In Star Trek: Retrospective, Edgar Chaput boldly goes on a journey through the Star Trek film franchise.
Star Trek: Generations (1994)
With the original crew of the USS Enterprise officially retired, both within the fictional Star Trek universe and in real life, the film series would have to discover new life on the silver screen. The logical solution was for Paramount to continue the series with the cast that had just completed its own television run on Star Trek: The Next Generation, which ran from 1987 to 1994, although rather than simply start anew, the script would aim for a ‘passing of the torch’ scenario.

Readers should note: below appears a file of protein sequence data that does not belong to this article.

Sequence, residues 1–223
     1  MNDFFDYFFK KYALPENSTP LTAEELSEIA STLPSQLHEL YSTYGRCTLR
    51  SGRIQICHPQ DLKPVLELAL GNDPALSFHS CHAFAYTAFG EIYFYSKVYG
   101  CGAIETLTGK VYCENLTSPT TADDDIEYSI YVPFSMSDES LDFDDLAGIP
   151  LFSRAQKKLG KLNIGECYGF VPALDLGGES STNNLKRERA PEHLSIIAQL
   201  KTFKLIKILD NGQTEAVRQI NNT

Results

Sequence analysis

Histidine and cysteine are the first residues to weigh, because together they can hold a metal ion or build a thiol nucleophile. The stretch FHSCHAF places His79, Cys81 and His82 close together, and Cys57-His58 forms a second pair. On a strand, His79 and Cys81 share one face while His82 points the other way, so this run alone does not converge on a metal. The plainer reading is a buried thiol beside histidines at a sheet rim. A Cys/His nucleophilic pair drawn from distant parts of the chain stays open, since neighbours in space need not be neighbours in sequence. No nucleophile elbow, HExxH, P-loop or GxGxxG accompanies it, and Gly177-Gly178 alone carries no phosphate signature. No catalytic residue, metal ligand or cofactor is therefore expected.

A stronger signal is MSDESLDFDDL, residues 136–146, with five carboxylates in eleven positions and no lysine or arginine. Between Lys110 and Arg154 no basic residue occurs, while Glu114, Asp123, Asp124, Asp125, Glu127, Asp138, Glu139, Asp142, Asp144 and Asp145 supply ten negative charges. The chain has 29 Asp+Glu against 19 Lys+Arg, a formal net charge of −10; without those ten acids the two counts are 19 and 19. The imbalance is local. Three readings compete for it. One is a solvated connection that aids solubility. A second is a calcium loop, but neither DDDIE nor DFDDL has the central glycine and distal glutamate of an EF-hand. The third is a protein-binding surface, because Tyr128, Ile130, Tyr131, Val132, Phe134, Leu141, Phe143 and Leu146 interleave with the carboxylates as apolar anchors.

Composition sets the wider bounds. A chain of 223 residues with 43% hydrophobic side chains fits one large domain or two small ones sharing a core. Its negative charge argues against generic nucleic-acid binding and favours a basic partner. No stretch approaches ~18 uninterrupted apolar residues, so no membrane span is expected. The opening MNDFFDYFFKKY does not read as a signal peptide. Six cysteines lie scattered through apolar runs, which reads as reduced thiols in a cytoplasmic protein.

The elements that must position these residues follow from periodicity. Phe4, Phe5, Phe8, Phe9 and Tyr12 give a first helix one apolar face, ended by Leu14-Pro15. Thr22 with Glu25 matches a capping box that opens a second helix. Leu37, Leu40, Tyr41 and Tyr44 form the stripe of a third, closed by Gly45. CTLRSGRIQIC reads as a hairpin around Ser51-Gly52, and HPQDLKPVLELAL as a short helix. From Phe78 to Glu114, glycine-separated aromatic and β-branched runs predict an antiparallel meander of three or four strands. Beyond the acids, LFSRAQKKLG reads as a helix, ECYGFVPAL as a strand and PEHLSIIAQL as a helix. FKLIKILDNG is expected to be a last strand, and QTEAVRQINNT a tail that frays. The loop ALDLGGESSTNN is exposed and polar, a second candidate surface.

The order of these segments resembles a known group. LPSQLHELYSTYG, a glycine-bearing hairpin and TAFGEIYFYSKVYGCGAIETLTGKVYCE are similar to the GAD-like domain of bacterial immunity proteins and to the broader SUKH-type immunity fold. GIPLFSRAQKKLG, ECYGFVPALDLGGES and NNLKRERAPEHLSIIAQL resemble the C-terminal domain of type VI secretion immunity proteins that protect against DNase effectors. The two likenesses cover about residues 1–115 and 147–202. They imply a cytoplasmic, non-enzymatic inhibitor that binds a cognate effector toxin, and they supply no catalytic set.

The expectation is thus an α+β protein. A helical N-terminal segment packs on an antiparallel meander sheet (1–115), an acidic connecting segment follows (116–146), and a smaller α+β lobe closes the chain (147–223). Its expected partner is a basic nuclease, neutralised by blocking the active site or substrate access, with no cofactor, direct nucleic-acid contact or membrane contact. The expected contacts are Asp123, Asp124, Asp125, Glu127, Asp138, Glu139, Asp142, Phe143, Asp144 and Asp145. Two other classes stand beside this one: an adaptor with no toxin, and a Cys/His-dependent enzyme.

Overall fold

James T. Kirk, Pavel Chekoc and Montgomery Scott are ceremonial guests for the USS Enterprise B’s maiden voyage. Shortly after leaving the docking bay, the vessel is caught up in an otherworldly energy ribbon that punctures a hole in the Enterprise’s hull. Kirk, in a heroic effort, saves the crew by performing a last-second repair in the machinery level, but is sucked out into to space…or so it seems. Flash forward a couple centuries and the crew of the USS Enterprise D, Captain Jean-Luc Picard (Patrick Stewart), Lieutenant Commander Warf (Michael Dorn), Commander William Riker (Jonathan Frakes), android and Chief Operations officer Data (Brent Spiner), chief engineer Geordi La Forge (LeVar Burton), Chief Medical Officer Beverly Crusher (Gates McFadden), and ship counselor Deanna Troi (Marina Sirtis), respond to a distress signal emanating from an observation station. Among the survivors is Soran (Malcolm McDowell). Little does the crew know that Soran is temporarily in league with the Klingons, an alliance that he hopes will enable him to find the ‘Nexus’, the same mystical energy ribbon from the start of the picture. According to Soran, the Nexus transports an individual to their own version of paradise, but in order to be in the Nexus’ path, an entire planet must be destroyed. Picard hunts down Soran into the Nexus itself, where he’ll need the help of a historical Starfleet figure believed to have died long ago…